The conversation around our relationship with food is very dear to me because my struggle with food and eating took me to my first rock-bottom. And rock-bottom is always a good thing: it gives you no choice but to heal.
From a very young age (like, before-kindergarten-young), I coped with my environment by focusing on what I could control: what I allowed myself to eat. The benefit, as I saw it at the time, of monitoring what I ate was to become as thin as possible, and to feel good about my “right” food choices. Besides, thin is good and people like that. I’d learned this rule very early on and followed it religiously.
The real benefit of staying preoccupied with food is that I stayed tuned-out to the inner pain that I didn’t understand or know what to do with at the time. This strategy successfully got me through high school, out of the house, and into college.
Like most of the coping mechanisms we teach ourselves when we’re very young, mine outlived its usefulness. After a lifetime dieting, I was very disconnected from myself, from my body. I was fifty football fields away from knowing what emotion I felt. I stayed quite busy but my world was really empty of meaning.
I had no clue how bad I felt.
But I got a clue, toward Christmas one year. The boy I’d been dating for the past three months attempted suicide. It alarmed me how much his brush with death did not alarm me. It all felt very normal. I knew it was unusual, how comfortable I felt with a deeply depressed person. I concluded it reflected that I was a “really deep” person, when really it provided a mirror of the truth of my own inner state.
I grew more preoccupied with my own eating habits. I’d eat nothing all day but go to Starbucks for a Caramel Macchiato and savor each sip. I’d eat a box of cereal after starving myself all day and feel insane amounts of guilt for days. I’d sit in my bed watching Sponge Bob Square Pants or reading poetry, drinking nothing but Diet Coke. I’d eat incredibly healthy food for a week in moderate portions, and then eat candy for five days straight.
The point of all of it was simple: to keep me busy. To keep me from feeling.
But I couldn’t stay busy enough. I felt incredibly, incredibly unhappy with the world that I’d surrounded myself with. My friendships were facades. What was the point of anything??
I was at rock-bottom.
Around this time, a new friend who would become one of my dearest, also chronically dieted. She said to me, “I wish I would just eat when I was hungry, and stop eating when I was full.”
This idea fascinated me and boggled my mind. I couldn’t shake it: she described a way of eating that required zero food rules, or food-monitoring. What would I look like, if I wasn’t on a diet?? I was so desperate for relief from the hell that I lived in that I comitted to learn to eat this way, no matter how long it took me or what it cost me to get there. I was prepared to find out what I really looked like, what I felt, when I listened to what my body wanted to eat.
I didn’t see any other options to get up off of this rock-bottom, so I took the leap.
The Yoga of Eating was born.
The Yoga of Eating saved my life.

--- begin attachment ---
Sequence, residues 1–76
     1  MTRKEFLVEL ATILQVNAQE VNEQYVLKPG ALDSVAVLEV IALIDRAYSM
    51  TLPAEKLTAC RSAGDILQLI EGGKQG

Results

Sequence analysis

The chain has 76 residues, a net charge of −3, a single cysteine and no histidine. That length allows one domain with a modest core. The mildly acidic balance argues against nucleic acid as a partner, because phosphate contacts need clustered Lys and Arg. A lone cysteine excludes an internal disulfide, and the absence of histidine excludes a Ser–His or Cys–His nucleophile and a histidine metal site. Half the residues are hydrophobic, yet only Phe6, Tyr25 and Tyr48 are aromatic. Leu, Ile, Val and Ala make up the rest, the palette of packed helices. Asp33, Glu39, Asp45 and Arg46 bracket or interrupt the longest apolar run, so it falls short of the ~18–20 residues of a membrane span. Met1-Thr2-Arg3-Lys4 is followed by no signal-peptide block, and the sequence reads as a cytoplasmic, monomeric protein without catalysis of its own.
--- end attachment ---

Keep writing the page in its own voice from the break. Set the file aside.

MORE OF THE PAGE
I came up with three gate-keeping questions to ask my body before eating anything.
The Yoga of Eating got me sober around food. Like all addictions, my food-control issues were simply a symptom. I needed to reach the underlying problem and I couldn’t get there while I was “using.”
The Yoga of Eating is a meditation to heal our relationships with food.
Join me in this meditation by reflecting on your last meal. Do this to deepen your connection to yourself, and deepen your healing around eating and food.
Ask your body:
#1 Is it good? Is this food something that my body wants? That I want to put into my body? Is it good food? But this questions not only the quality of the food, but how I obtained it (was I stressed? Was I even present?) and where the food comes from. Does every step in this process feel good to my body? If I hate the grocery store that I go to, and feel angry purchasing it, is the food there really something I want to put into my body? If I don’t respect that juice company, is their product really something that I want to put into my body?
#2 Is it kind? Does my body want to eat this? Is it kind to my body to put this food into it? This one is really tough. My mind has a belief that XYZ is healthy so I should eat it. But – does my body want to eat this salad? To hear the answer to this question, we have to go inside. We have to slow way, way down. We have learned so many rules about our health and nutrition that we let our heads steer our food choices without realizing it. Your body may not want to be a healthy eater (for now). Our bodies may need to rebel against the tight reigns of control. Or, your body may want to be free from sugar and caffeine buzzes. We have to grow still enough to hear the whisper of our bodies.
#3 Is it necessary? Am I physically hungry? Is it necessary that I eat this, right now? If we’re bored, or actually looking to experience comfort, then we do not feel physical hunger. In The Yoga of Eating, we do not eat when we are not physically hunger out of respect for our bodies. Not only do we refrain from eating if we are not physically hungry, we also always, always eat when we are feeling hungry. This is the most important step in the Yoga of Eating for tuning into our bodies, to connecting to our physical sensations. If we aren’t hungry, we simply eat that good + kind food choice later. Wait an hour. And, just as importantly, we keep food with us for when we get hungry.
Each step in The Yoga of Eating is deceptively simple. Each question, like the meditation it is, requires honest reflection.
It’s taken me home to my body, again and again. My hope is that there is some aspect in The Yoga of Eating that helps you find connection to your body, too.